Aug 082011


Sheryl Luna’s poems are brimming with sincerity—and they seem to elucidate the actual while reveling in the cosmic. Her work offers a palpable humanity, stemming in part from her multi-cultural heritage that she simultaneously strives to reconcile and illuminate. Having known Sheryl over the years, I remain impressed by her unwavering self-examination and emotional tenacity.

Widely accomplished as a poet, critic, and teacher, her credentials are also noteworthy: Sheryl Luna won the inaugural Andres Montoya Poetry Prize for emerging Latino/a poets, and her first collection Pity the Drowned Horses was published by University of Notre Dame Press. She has received fellowships at Ragdale, Yaddo and the Anderson Center. She also received the 2008 Alfredo del Moral Foundation award, funded by Sandra Cisneros. Poems have appeared in Georgia Review, Prairie Schooner, Poetry Northwest, Amherst Review and others. She is also a Canto Mundo fellow. She blogs at Dialectical Migrations and writes a review column for the El Paso Times.

It is certainly a pleasure to have Sheryl’s work here on Numéro Cinq.

—Martin Balgach


Four Poems
By Sheryl Luna




If you try to ruin me,
saddle me with man-made
doubt, I’ll gallop past large pines.

Aspen will bleed fall as I run
forgotten trails, seeking
a sunlit path.

My sway back will sweat slick.

Arctic and blazing,
I’ll grow wild,
rear up and kick.

If you try to break me,
remember, I’m a maverick
on a mad run.

Corral me?
Herd me?

A lasso burns my thick neck.
I thump, trot, and kick.

Use me like property?
Cage me and blame me?

I’m hard-hoofed, snickered trouble.

Just when you think you’ve won,
I’ll buck.


Cabeza de Vaca’s Horse


I said to Andres, “If we reach Spain I shall petition his majesty to return me to this land with a troop of soldiers. And I shall teach the world how to conquer by gentleness, not by slaughter.” “Why a troop of soldiers?” asked Dorantes, smiling. “Soldiers look for Indian girls and gold.” “Perhaps I could teach them otherwise.” “They will kill you, or tie you to a tree and leave you. What a dunce you are, Alvár Nunez.”

—from a letter to the King of Spain to Alvár Núñez Cabeza de Vaca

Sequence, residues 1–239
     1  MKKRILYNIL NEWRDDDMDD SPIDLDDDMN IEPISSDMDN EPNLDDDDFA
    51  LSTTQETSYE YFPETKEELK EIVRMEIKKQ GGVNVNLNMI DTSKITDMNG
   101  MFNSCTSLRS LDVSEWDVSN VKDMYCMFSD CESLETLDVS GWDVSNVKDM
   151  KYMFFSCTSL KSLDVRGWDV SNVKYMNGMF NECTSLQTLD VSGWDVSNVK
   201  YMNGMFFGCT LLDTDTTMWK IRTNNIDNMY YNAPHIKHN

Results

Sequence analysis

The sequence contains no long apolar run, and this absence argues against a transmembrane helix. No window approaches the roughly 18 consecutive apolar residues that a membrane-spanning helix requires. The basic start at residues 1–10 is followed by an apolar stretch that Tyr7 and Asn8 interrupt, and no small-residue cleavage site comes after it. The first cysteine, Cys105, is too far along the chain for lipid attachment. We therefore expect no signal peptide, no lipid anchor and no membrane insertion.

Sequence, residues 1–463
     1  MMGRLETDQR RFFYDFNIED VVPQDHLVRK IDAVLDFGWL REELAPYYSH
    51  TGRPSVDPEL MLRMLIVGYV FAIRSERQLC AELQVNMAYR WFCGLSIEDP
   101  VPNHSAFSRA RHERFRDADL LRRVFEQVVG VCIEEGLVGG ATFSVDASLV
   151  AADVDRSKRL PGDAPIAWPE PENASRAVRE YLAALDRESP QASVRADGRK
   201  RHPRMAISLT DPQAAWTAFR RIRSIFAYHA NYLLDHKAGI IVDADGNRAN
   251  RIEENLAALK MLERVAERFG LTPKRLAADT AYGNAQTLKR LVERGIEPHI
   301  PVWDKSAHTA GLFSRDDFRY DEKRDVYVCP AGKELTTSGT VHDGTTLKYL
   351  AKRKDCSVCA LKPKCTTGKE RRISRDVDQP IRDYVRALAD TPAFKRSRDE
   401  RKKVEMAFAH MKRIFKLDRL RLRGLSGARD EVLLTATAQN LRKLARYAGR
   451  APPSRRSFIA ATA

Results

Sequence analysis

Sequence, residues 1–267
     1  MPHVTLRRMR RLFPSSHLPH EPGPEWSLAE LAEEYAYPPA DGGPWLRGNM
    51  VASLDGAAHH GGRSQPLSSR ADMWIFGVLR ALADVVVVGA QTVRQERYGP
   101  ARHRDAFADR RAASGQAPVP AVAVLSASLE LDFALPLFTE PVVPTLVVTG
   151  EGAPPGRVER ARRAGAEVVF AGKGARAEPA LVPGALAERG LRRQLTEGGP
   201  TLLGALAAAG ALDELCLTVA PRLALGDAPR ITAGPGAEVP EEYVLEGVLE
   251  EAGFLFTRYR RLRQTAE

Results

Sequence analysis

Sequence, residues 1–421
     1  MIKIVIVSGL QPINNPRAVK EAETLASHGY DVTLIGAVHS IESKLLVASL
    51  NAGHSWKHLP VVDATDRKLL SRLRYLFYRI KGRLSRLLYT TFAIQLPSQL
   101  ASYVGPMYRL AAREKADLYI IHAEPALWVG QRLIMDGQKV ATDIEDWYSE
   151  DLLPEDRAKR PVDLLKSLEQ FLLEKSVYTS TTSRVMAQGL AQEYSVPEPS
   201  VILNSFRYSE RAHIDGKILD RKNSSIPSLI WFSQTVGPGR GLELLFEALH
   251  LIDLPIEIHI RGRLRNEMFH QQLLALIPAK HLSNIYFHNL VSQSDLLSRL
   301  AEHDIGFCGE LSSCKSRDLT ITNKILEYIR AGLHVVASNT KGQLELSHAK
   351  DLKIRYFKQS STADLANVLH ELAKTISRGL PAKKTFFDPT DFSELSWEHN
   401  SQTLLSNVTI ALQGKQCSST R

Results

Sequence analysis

The ear a cavern of bats in New Mexico.
My eyes dark matter. I am Pancho Villa’s sombrero,
La Malinche’s fire. White water rapids,
I wind like rivers to the sea. Cabeza de Vaca,
Conquistador with no desire to raze.

Beneath your fallen horse,
your voice whispered borders, tropical need,
rain dance and prayer. You buried your armor

in the heart of Texas. There is a blaze there,
the oldest adobe oven: bread
risen, baked, served.

You shared papaya with natives who used you like a mule.
Your feet shreds and blisters, your body sores.
From captive to survivor to friend, nude

in hunger’s need you learned to speak slavery’s bonds
and thought of a king’s appetite.

Spaniards later took you from Buenos Aires to Spain
in chains and shackles. Explorer, warrior, languages
mixed in your bloody mouth.

And borders speak to you like Rio
and sandstorm. I imagine you in heaven
dressed for summer in cotton and the breeze
a slow undressing. The sky a lewd embrace.

When I open my mouth
bats emerge as the sunset burns
your long silence.


Writing the next Poem

—for Emmy Pérez


The universe waits on nothing,
sheds her nebulous hairdo,
her dandruff stars.

We are glorious fools
after nothing again and again.

I am you, passed
and passing in the empty sky.

Let go nobody said,
and I was gone before I knew it,
and you were lost in the music,
the thin high-altitudes of loss,
the high-altitudes of forgotten hunger.

The homeless congregate in big cities;
I keep my change in my pocket,
while here heavy in the grave. My hand
bone fragments writing
a single poem.


Small Defiant Gods


I weep for none and shed my hair like aspen leaves in fall.
I wander aimlessly alone, come sullen and sacred
at the end of winter. I bow to no one

and send no love. What needs of yours or mine
are known? I whisper no language, require no wit.
If you find me, I will tell you no poem.

I quake not, nor remember. Flirtatious
and haughty, I offer no visions, bother not
with prophecy or prayer. I have no voice, no song.

I come to you no lover, no fool and never reminisce;
my breath is cool then hot. I move darkness,
then light, hold the sun like a toy, the stars like dust.

I know no marriage, no birth or death.
Slow soundlessness follows me and I offer you
no image, no bone or sex. Some call me Dark Mother.

If you find me at the precipice of your cold heart,
I may simply shrug. Some say spirits haunt you
and the un-favored dead hang on, but you really doubt
anything beyond my darkest eye. I smile
for no one; my black skirt trails everything.

Faceless I taunt, you pretend. I move.
Corpses spread over the surface of the earth
like stones. Some say the end of my journey is God,

some say the journey itself is creation, but you know
the hands that hold you are bone and ash, so what moves you
through me like small defiant gods? Your brief living,

breath and word hurl beyond my notice, and I bind you,
in animal hunger, like nomads, hunters or ghosts
that plant and reap. You go on, like blind prophets singing
before I come to reap. My womb is starry, my number is nine.


                                                                                                                —Sheryl Luna

See also Sheryl Luna’s page on the Poetry Foundation

  2 Responses to “Four Poems — Sheryl Luna”

  1. Sheryl, this is a gorgeous set of poems. I just love how the images can be deeply serious and yet a little irreverent. Dandruff stars, snickered trouble. These lines win me over instantly.

  2. Thank you for the poems, Sheryl. They transported me.

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